A new report calls for the building and construction sectors to cut down on embodied carbon emissions by focusing on product life cycles and processes.
Bringing Embodied Carbon Upfront calls for the building and construction sectors to transform from a major contributor to the climate emergency into a major solution.
The report, published by the World Green Building Council (WorldGBC) and signed by the Australian Sustainable Built Environment Council (ASBEC), shows buildings are responsible for 39 percent of global carbon emissions. Despite this significant contribution, reducing these emissions might be one of the most efficient and cheapest ways to combat climate change.
"Until now, the focus has been on ‘operational carbon’ - the emissions produced by heating, lighting, and cooling our buildings once they are built. ‘Embodied carbon’ – the emissions produced making, transporting, and disposing of building materials – has largely been overlooked, but it contributes around 11 percent of global emissions," says ASBEC's President, Professor Ken Maher AO.
Many of the products currently in use in Australia's buildings have international life cycles. Raw material might be mined in one country, transported to another for manufacture, and then brought to Australia for use and eventual disposal. It is by accounting for and reducing the carbon emissions created by this process that important progress can be made.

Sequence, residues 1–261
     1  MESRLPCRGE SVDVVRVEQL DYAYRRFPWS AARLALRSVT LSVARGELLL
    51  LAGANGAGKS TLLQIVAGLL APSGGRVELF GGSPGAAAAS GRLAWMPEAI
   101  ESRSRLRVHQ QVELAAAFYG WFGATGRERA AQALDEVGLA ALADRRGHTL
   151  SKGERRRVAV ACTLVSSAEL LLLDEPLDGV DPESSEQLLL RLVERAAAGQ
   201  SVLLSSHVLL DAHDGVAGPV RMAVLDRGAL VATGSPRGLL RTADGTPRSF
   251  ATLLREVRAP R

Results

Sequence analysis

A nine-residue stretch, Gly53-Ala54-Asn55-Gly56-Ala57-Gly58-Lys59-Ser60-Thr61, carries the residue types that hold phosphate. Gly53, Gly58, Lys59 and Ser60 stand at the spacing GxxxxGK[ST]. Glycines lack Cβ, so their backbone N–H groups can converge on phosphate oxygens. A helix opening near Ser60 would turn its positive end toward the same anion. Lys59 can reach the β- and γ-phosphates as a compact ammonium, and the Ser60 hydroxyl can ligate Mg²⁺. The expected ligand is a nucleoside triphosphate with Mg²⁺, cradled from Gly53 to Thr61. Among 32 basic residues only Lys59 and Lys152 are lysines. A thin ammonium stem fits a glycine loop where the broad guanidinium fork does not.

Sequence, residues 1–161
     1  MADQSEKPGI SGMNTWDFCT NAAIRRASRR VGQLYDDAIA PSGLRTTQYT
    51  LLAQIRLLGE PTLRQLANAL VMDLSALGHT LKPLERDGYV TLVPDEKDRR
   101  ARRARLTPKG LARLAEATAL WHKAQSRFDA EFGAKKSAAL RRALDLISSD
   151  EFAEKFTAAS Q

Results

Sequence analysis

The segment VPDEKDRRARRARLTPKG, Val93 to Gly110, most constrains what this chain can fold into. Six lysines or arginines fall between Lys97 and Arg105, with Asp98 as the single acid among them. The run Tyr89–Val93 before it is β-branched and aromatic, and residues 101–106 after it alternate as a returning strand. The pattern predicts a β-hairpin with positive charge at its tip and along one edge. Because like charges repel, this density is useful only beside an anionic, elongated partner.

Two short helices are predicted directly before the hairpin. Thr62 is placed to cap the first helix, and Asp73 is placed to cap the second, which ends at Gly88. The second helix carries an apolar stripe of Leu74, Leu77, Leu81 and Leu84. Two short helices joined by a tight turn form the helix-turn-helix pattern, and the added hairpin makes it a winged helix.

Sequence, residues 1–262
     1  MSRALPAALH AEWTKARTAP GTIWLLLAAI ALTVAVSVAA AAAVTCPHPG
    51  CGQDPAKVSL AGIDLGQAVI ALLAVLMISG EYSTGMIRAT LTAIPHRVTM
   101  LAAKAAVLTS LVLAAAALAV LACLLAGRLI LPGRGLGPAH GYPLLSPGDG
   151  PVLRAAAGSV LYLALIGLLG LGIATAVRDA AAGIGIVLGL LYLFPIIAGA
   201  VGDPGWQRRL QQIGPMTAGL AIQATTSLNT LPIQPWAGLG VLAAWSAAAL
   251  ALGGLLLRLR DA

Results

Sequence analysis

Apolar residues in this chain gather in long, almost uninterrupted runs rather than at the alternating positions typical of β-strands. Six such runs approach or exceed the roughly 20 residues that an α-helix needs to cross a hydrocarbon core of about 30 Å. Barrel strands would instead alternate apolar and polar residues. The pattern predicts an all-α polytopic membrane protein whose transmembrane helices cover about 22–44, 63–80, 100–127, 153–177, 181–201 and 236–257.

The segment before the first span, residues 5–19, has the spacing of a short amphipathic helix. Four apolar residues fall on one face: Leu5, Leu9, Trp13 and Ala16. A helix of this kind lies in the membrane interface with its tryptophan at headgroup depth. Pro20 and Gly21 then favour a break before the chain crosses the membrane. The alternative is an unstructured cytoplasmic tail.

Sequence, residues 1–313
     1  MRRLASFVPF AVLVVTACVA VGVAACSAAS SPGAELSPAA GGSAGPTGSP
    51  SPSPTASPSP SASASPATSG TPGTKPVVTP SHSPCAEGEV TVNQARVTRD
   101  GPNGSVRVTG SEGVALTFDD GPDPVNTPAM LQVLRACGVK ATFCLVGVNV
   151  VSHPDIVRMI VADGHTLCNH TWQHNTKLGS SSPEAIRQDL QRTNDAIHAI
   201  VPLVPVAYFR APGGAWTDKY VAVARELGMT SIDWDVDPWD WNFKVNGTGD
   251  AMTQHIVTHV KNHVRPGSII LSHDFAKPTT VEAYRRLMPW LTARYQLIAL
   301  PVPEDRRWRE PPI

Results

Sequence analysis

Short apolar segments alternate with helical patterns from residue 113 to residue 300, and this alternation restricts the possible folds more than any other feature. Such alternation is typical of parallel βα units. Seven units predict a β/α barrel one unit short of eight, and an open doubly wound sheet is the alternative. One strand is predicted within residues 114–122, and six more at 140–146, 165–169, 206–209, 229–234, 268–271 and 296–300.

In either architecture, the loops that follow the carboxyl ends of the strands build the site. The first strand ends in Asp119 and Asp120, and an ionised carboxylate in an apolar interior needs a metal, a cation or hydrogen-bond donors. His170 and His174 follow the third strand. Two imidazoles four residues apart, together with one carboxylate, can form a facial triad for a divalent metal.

Bringing Embodied Carbon Upfront proposes a coherent set of tools for accounting for this carbon in building products.
"The report makes it clear that the building sector needs to take coordinated action to understand product life cycles and processes," says Suzanne Toumbourou, executive director of ASBEC.
"Here in Australia, ASBEC creates collaboration across the building sector to achieve a common vision and establish clear policy pathways to lowering emissions. We showcase the fact that many of our market-leading members are already demonstrating best practice when it comes to reducing carbon emissions.
"Global companies like Skanska have said they are willing to work on this, and Australian company Lendlease is used as an example of best practice in Bringing Embodied Carbon Upfront for their work with engineered timber. By adopting the tools in the report, we’ll know how much carbon has been emitted in the production of building materials so we can compare like with like."
The WorldGBC calls for all countries to create national roadmaps to net zero by 2020. ASBEC has partnered with ClimateWorks Australia to create Built to Perform, an industry-led roadmap to a zero carbon-ready zero building code, while the Council of Australian Governments Energy Council has created the Trajectory for Low Energy Buildings, which also focuses on operational emissions.
ASBEC says the next step is to work collaboratively with federal and state governments to develop progressive embodied carbon reduction targets.
"Climate change and rising emissions are a global challenge. The fact that the buildings and construction sector operates at global scale means it’s a complex task to understand exactly what emissions are created by the entire life cycle of our buildings," says Maher.
"By understanding and addressing this life cycle, we can deliver a powerful response to the challenge of climate change, and build a better future for all of us."
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